Teachers' performance pay scheme
Where now after union leaders' retreat?
By Kevin Ovenden
LEADERS OF the teachers' unions in England and Wales have abandoned effective opposition to New Labour's performance related pay scheme which is now being imposed on schools. The retreat is a huge betrayal of the vibrant mood of opposition to performance pay among the vast majority of teachers.
Most teachers recognised the scheme as divisive and designed to cement the free market in education when it was announced 18 months ago. A year and a half of government propaganda has not diminished that majority. But one by one teachers' union leaders have undermined the feeling in staffrooms for action to stop performance pay and to win a decent pay rise for all teachers. First leaders of the ATL and NASUWT unions welcomed the main thrust of the proposals.
Then Doug McAvoy-general secretary of the largest teachers' union, the NUT-ignored the feelings of his own members and the vote of his union conference and called off a ballot for a one-day strike against the scheme. Leaders of UCAC, the National Association of Teachers of Wales, also decided last week to ditch plans for a strike against the pay scheme. This abject surrender has left teachers with no official lead in fighting performance pay.
That is why 197,000 teachers out of the 250,000 who are eligible for the scheme have applied to be part of it. Most have done so reluctantly and with a heavy heart. That is borne out by reports from schools across England and Wales, and by a stream of letters in the education press.
And the scheme, which depends upon pitting teacher against teacher and links pay to pupils' exam results, is going to generate all sorts of conflicts as its full effects are felt.
"Union activists in countless schools have held meetings, circulated petitions, lobbied MPs and taken part in many other activities against performance pay," says Paul Vernell, NUT divisional secretary in South Gloucestershire. "Our national union leaders' scandalous betrayal risks causing deep-seated cynicism. But at the moment there is more a feeling of anger than of despair. Every union activist needs to work out how they channel that anger for the ongoing battles built into New Labour's pay scheme."
On average, 22 percent of teachers have not applied for performance pay. In some schools, especially where local campaigning has been most active, the proportion of teachers not applying is as high as 80 percent. And about 50 percent of all teachers are not on Point 9 of the pay scale, and therefore are not eligible for the scheme.
So there is still enormous potential to fight performance pay. Opposition to it cuts across all three groups of teachers-those who have not applied, those who have applied and those who cannot apply. For action to be effective, it needs to involve those who have felt forced to apply for performance pay and to build on their realisation of just how iniquitous the scheme is.
The government would love to pit each group of teachers against the others. Union activists need to find ways of uniting teachers against the scheme. All teachers will face a new annual appraisal system, called performance management, from September, whether they have applied for performance pay or not.
It has rightly been dubbed an "annual personal Ofsted inspection". The NUT and NASUWT have launched a work to rule, to begin on Friday of this week, against increasing bureaucracy. For the union leaders the action is a cover for their failure to fight performance pay.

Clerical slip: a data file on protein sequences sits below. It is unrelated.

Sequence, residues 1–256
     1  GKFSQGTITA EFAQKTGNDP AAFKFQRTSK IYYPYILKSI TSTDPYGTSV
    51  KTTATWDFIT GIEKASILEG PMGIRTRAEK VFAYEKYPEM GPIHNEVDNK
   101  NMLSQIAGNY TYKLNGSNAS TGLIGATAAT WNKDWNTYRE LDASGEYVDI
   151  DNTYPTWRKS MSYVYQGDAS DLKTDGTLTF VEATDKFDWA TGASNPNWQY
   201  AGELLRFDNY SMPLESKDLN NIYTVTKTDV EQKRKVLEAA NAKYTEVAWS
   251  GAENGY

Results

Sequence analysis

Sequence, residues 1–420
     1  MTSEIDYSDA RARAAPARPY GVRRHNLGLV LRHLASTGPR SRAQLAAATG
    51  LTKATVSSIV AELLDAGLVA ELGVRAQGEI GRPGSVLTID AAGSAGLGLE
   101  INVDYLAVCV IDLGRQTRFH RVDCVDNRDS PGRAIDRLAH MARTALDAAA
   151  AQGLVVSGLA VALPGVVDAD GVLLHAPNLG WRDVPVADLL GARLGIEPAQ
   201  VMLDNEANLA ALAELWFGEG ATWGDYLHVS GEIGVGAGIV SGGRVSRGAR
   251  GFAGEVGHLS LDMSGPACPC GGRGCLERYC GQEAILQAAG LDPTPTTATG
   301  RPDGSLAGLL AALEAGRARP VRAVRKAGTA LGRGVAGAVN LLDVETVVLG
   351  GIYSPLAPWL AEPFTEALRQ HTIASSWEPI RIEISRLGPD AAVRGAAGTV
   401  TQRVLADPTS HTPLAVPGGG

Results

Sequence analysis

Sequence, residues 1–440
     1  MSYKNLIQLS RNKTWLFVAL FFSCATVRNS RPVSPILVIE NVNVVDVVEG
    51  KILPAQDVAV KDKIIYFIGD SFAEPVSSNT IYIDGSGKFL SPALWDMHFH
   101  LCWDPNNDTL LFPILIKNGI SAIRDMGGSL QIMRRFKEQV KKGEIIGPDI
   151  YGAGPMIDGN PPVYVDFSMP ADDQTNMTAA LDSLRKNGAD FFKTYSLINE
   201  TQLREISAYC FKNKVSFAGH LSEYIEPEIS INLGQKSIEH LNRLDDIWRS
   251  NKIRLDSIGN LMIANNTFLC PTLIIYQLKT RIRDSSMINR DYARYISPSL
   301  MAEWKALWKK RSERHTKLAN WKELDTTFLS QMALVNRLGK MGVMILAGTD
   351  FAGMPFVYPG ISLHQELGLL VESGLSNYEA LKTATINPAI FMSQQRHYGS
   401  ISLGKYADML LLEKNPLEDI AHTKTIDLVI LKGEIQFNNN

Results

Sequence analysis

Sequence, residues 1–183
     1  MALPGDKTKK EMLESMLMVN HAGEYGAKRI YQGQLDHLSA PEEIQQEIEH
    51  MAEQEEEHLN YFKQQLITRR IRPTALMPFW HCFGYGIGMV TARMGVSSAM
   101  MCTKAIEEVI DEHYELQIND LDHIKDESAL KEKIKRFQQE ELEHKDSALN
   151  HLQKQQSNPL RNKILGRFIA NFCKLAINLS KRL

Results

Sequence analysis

It is also highly limited, calling for attending only one after-school meeting a week, boycotting lunch time meetings, not writing reports of more than 400 words, banning practice Ofsted inspections, and other initiatives. Such action does have the potential to increase tensions between staff unless it is imposed collectively.
But it gives official sanction to activists to try to extend the action beyond the unions' limits and use it to undermine the new appraisal system.
Grounds for resistance
PERFORMANCE PAY is about creating divisions. Not all of the 197,000 who have applied for it will get the promised extra �2,000 a year. Already teachers who have applied are saying they are sickened that they feel forced to beg for a pay increase which should be going to all teachers. That feeling is likely to grow as teachers who are doing a very good job find they are considered failures by a scheme which is rationed so there are always winners and losers.
The whole scheme could be thrown into chaos, since the government has not provided the resources to deal with the number of applicants. Teachers' unions are already planning to take up the cases of those who are refused a rise, or whose applications are mishandled. But they plan to do this individually, creating mountains of casework for local union officials.
Each individual injustice from performance pay can be used to feed into a campaign against the whole system. That means arguing for collective action in schools. When some people are given a pay rise and others not, school union groups need to argue for everyone to get the pay rise. It will be difficult to get immediate local action that can win such an increase.
But activists should take up every case of someone being rejected under the scheme, or facing increased workloads because they have passed, or others being overlooked for promotion because they have not applied.
The different issues can then be tied into generalised opposition to performance pay and the new appraisal system. The government wants to extend performance pay and move away from giving all teachers an annual pay increase. Union activists need to seize every opportunity to turn frustration at what the government is doing to schools into initiatives which unite teachers. That can build grassroots organisation able to resist those attacks even if their union leaders will not.